My last day in Tunisia was to be spent in Tunis with friend and curator Rachida Triki Professor of Philosphy of Aesthetics of Art at the University. With her husband also professor of philosophy of History at the University of Tunis, I got a first class introductory course into the cultural history of Tunisia. This was splintered with ‘fieldwork’ to culture spaces such as 1 or 2 galleries, Carthage and the beautiful Sidi Bou Said. Tunisia is really beautiful country and it would not be an exaggeration to say that Tunis is almost a perfect city. Due to a flight mix-up up with my airline that decided to leave 7hrs early than scheduled without notifying me. I had another day to spend in the city. This was spent at the Souk where I got hooked in the jewellery section which had absolutely beautiful hand crafted silver jewellery with semi precious stones. The prices were unbelievable so i helped myself to quite a few.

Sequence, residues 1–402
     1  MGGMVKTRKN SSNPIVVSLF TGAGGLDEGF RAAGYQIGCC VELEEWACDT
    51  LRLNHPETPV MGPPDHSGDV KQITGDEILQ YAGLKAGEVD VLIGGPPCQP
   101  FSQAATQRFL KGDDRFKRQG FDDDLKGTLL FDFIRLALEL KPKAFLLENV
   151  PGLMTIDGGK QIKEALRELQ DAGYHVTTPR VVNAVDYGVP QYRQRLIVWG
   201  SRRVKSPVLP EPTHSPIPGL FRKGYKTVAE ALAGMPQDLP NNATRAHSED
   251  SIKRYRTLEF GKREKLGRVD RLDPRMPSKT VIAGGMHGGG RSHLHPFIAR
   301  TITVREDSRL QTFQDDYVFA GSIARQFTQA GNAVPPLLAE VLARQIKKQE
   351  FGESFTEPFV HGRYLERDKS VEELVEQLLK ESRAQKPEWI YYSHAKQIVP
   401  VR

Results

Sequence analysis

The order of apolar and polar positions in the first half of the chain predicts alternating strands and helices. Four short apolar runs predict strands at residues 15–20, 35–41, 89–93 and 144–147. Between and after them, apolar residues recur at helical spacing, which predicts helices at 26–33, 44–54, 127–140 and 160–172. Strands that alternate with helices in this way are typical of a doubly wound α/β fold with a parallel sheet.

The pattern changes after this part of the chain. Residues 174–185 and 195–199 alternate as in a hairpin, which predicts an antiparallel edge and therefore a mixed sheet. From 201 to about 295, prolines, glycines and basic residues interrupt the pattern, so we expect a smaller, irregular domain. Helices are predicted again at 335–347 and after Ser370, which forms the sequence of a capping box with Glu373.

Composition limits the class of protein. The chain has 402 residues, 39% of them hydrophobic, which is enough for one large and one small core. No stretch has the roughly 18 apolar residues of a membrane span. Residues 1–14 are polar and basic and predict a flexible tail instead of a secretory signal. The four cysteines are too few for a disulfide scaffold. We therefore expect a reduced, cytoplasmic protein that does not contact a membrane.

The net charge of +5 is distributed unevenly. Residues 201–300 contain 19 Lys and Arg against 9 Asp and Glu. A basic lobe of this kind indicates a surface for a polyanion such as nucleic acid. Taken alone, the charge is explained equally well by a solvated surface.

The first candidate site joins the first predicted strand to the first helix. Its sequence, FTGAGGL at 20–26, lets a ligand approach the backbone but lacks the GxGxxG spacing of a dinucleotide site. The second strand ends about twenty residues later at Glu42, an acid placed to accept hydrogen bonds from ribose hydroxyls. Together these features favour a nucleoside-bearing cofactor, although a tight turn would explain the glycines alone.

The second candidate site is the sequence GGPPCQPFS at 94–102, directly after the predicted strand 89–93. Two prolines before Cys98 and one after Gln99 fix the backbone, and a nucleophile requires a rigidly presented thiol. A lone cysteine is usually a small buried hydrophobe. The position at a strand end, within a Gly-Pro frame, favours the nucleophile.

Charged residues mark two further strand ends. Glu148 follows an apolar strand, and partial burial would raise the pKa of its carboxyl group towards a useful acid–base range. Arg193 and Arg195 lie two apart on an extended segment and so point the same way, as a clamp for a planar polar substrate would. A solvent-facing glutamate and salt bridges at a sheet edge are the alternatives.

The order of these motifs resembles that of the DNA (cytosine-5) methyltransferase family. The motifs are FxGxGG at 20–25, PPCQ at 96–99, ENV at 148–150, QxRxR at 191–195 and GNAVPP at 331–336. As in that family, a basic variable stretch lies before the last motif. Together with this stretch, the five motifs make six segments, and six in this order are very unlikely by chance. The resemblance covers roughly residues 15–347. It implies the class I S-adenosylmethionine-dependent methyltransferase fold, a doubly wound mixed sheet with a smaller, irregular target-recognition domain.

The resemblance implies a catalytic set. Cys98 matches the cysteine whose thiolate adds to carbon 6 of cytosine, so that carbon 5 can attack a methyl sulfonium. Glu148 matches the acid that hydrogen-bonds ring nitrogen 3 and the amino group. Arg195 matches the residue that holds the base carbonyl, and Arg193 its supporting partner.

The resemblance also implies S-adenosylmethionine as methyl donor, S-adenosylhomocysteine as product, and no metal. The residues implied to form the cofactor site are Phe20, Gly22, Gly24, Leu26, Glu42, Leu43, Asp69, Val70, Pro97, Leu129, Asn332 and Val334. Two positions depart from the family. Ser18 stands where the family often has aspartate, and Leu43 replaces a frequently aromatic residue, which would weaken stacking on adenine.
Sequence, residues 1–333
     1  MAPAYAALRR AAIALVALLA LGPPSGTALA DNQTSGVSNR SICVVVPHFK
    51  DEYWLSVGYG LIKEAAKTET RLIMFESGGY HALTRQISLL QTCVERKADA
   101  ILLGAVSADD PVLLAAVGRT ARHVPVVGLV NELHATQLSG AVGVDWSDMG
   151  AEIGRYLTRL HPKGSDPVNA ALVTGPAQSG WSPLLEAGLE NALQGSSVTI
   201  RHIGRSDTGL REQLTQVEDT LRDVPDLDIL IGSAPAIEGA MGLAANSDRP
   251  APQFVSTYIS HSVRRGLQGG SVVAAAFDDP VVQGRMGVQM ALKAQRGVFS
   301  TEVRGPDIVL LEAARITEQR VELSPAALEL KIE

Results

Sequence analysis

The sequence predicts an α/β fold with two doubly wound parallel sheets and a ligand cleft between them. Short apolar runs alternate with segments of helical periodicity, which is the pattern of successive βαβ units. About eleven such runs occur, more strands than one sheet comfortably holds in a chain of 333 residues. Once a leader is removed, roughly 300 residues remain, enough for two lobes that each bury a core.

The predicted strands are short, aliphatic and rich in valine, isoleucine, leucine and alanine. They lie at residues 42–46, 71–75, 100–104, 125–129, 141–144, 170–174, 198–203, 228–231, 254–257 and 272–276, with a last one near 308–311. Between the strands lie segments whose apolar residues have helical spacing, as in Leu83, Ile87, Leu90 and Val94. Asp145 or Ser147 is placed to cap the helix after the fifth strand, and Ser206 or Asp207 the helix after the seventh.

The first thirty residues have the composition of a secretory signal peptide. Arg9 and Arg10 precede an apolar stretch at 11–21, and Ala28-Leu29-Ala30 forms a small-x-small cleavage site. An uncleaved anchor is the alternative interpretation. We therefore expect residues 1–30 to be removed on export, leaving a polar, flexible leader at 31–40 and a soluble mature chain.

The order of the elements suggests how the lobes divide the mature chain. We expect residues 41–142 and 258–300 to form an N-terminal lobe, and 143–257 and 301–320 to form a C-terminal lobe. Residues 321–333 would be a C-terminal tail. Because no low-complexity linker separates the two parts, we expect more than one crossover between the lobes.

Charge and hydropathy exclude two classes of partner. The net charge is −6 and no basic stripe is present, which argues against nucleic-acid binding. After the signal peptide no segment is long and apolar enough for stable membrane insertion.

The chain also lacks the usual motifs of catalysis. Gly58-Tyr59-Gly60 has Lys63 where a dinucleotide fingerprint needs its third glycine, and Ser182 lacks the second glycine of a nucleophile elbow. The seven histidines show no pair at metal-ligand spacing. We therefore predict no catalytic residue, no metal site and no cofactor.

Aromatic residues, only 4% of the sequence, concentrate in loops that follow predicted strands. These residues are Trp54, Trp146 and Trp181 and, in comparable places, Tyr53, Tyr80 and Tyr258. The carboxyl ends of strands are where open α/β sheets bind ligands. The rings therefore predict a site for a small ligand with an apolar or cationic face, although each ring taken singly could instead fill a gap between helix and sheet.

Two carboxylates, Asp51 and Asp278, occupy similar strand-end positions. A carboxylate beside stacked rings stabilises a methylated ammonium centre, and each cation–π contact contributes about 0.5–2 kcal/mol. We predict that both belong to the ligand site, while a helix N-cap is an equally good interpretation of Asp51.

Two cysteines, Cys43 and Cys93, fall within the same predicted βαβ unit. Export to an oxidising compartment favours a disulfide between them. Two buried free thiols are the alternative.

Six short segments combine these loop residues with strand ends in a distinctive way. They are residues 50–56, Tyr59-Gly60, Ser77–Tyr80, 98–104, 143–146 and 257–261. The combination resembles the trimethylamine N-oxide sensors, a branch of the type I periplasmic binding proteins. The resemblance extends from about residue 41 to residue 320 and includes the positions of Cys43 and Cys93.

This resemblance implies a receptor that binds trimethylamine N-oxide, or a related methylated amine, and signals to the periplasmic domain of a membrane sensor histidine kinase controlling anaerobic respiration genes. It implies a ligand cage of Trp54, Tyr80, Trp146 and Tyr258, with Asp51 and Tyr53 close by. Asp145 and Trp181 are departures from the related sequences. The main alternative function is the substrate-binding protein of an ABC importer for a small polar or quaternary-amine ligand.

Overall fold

I was fascinated with the intricate design of metal work that adorned the windows and doors of most houses.

Remaining Roman ruins at Carthage.

Souk shopping

Tea time in a beautiful cafe in Sidi Bou Said.
Tunis is a very beautiful city and extremely developed. It is the most European of African cities. Its infrastructure is first class and would leave alot of western cities gasping and some of the societal statistics are staggering. Over 80% literacy, 100% accommodation with 85% owner-occupier, self-sufficiency in food, and good manufacturing base which means basic necessities are made in the country hence affordable to the populace. The city is clinically clean and after 2 days the perfectness of the city began to give it an air of artificiality.